The UK economy bounces back with stronger GDP pressure from January than expected

City workers in Paternoster Square, where the headquarters of the London Stock Exchange are based, in the City of London, Britain, Thursday, March 2, 2023.

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LONDON – The British economy expanded 0.3% in January, official figures showed on Friday, beating expectations as it continues to fend off what economists see as an inevitable recession.

Economists polled by Reuters had forecast a 0.1% monthly rise in GDP. GDP was flat over the three months to the end of January, the Office for National Statistics said.

“The services sector grew by 0.5% in January 2023 after falling by 0.8% in December 2022, with the largest contributors to growth in January 2023 coming from education, transport and storage, human health activities and arts, entertainment and recreational activities , all of which have bounced back from declines in December 2022,” the ONS noted.

Manufacturing output fell 0.3% in January after growing 0.3% in December, while the construction sector fell 1.7% in January after being flat in the previous month.

The UK economy showed no growth in the last quarter of 2022 to avoid a recession – commonly defined as two quarters of negative growth – but shrank by 0.5% in December.

The UK remains the only country in the G-7 (Group of Seven) major economies that has yet to fully recover its lost output during the Covid-19 pandemic. The ONS said on Friday that monthly GDP is now estimated to be 0.2% below its pre-pandemic level.

Both the Bank of England and the Office for Budget Responsibility have predicted a five-quarter recession starting in the first quarter of 2023, but the data has so far beaten expectations.

Despite the better-than-expected print in January, economists still generally believe activity is on a downward trajectory as high inflation erodes household incomes and business activity.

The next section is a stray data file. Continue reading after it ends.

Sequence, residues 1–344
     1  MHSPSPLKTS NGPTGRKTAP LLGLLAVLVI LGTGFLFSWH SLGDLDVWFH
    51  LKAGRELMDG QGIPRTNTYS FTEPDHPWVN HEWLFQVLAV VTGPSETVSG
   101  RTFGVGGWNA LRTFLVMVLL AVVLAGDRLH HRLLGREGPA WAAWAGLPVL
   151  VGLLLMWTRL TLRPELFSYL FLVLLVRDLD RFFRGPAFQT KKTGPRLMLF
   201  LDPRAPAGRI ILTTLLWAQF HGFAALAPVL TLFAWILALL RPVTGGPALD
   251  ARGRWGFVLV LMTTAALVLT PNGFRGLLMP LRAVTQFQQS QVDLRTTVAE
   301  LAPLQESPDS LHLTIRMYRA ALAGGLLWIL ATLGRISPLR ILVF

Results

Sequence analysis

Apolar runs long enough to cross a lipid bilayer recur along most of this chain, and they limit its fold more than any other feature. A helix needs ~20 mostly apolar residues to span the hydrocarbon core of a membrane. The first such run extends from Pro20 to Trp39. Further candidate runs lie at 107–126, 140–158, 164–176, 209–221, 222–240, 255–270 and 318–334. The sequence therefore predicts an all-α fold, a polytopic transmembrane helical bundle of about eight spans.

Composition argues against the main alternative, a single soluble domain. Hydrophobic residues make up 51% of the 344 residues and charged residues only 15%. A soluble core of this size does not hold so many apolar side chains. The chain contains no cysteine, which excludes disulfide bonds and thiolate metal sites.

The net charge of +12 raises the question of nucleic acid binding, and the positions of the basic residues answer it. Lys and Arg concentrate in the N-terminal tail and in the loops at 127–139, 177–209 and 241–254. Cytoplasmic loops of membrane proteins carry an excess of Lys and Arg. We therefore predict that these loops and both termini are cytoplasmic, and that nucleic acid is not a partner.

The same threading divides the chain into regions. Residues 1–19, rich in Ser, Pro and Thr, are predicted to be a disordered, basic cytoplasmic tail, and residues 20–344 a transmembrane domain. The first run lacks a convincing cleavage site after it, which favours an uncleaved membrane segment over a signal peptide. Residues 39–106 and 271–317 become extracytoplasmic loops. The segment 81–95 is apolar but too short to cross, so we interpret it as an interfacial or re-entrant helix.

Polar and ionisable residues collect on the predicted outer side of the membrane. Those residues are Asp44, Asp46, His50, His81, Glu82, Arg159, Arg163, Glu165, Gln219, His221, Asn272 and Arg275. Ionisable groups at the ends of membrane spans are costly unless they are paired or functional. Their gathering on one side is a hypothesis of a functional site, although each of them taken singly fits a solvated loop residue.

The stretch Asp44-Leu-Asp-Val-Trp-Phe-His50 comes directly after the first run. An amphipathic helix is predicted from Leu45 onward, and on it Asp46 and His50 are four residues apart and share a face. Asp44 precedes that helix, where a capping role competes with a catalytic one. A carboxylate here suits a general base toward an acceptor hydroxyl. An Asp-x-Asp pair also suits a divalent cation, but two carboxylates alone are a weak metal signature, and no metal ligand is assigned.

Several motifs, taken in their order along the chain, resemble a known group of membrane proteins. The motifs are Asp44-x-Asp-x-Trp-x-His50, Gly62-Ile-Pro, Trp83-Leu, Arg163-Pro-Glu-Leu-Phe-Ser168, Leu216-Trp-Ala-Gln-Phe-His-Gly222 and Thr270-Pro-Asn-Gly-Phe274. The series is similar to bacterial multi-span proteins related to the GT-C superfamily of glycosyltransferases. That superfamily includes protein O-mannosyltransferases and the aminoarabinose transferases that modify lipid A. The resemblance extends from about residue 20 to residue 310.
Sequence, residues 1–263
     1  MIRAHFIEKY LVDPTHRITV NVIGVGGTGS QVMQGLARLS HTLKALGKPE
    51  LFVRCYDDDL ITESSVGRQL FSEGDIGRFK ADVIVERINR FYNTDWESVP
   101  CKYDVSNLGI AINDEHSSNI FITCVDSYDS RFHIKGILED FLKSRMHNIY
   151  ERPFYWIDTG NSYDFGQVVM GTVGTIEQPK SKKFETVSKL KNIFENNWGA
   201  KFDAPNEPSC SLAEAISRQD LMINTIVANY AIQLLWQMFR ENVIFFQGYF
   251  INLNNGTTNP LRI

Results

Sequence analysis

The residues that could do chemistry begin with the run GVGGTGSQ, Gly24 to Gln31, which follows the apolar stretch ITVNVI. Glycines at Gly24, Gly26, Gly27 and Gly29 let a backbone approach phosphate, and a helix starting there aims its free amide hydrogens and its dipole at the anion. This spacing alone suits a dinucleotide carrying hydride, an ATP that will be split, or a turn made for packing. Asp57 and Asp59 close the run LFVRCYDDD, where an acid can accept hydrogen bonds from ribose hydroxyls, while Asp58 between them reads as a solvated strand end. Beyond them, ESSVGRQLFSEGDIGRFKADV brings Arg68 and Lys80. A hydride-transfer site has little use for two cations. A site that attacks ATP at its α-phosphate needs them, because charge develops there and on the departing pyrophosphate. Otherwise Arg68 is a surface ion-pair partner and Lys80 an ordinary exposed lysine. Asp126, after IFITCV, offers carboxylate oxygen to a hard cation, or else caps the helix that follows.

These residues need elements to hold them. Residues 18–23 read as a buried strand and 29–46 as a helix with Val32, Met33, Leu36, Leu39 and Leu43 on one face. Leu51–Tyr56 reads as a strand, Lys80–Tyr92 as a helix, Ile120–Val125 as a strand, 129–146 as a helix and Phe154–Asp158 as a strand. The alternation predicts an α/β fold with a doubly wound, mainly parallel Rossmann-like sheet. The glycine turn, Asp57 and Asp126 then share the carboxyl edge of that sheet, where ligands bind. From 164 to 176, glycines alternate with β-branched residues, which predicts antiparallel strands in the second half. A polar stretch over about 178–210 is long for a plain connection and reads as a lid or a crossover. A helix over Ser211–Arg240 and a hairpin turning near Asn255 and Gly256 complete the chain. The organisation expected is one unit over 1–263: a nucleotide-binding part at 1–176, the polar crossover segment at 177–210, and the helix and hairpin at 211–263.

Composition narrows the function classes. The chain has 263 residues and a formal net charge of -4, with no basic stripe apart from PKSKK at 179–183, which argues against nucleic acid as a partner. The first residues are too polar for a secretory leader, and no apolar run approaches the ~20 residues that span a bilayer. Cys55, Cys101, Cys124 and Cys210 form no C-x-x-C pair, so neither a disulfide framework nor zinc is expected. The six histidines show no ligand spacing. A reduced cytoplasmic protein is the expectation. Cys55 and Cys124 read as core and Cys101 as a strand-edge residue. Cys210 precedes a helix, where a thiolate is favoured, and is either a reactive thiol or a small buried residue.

UK inflation fell to 10.1% annualized in January, continuing to fall after hitting a 41-year high of 11.1% in October, but remained well above the Bank of England’s 2% target.

Suren Thiru, chief financial officer at the Institute of Chartered Accountants in England and Wales, said the “modest” January recovery suggested the economy was still on a “downward path”.

“We are likely to continue to flirt with recession through most of 2023 as high inflation, tax hikes and the lagged effect of rising interest rates shrink consumer purchasing power, despite a boost from easing energy costs,” Thiru said.

Chancellor of the Exchequer Jeremy Hunt will deliver the government’s budget on Wednesday and is expected to announce further measures to manage the country’s cost of living crisis.

“The Spring Budget could have a significant impact on the UK’s growth prospects in the near term. While extending energy support will provide some relief to struggling households, aggressive tax increases risk eliminating any sustained momentum from the economy,” Thiru said.

Tom Hopkins, portfolio manager at BRI Wealth Management, noted that monthly figures are difficult to read at the moment due to distortions over the past six months – such as the funeral of Queen Elizabeth II and the World Cup – which partly affected consumer services.

“The underlying trend in the economy appears to be a gradual slowdown, thanks in part to a continued downward trend in retail spending,” he said. “We expect a technical recession in the UK in the first half of this year, albeit one that is not as bad as first feared.”

This is a news story and will be updated shortly.

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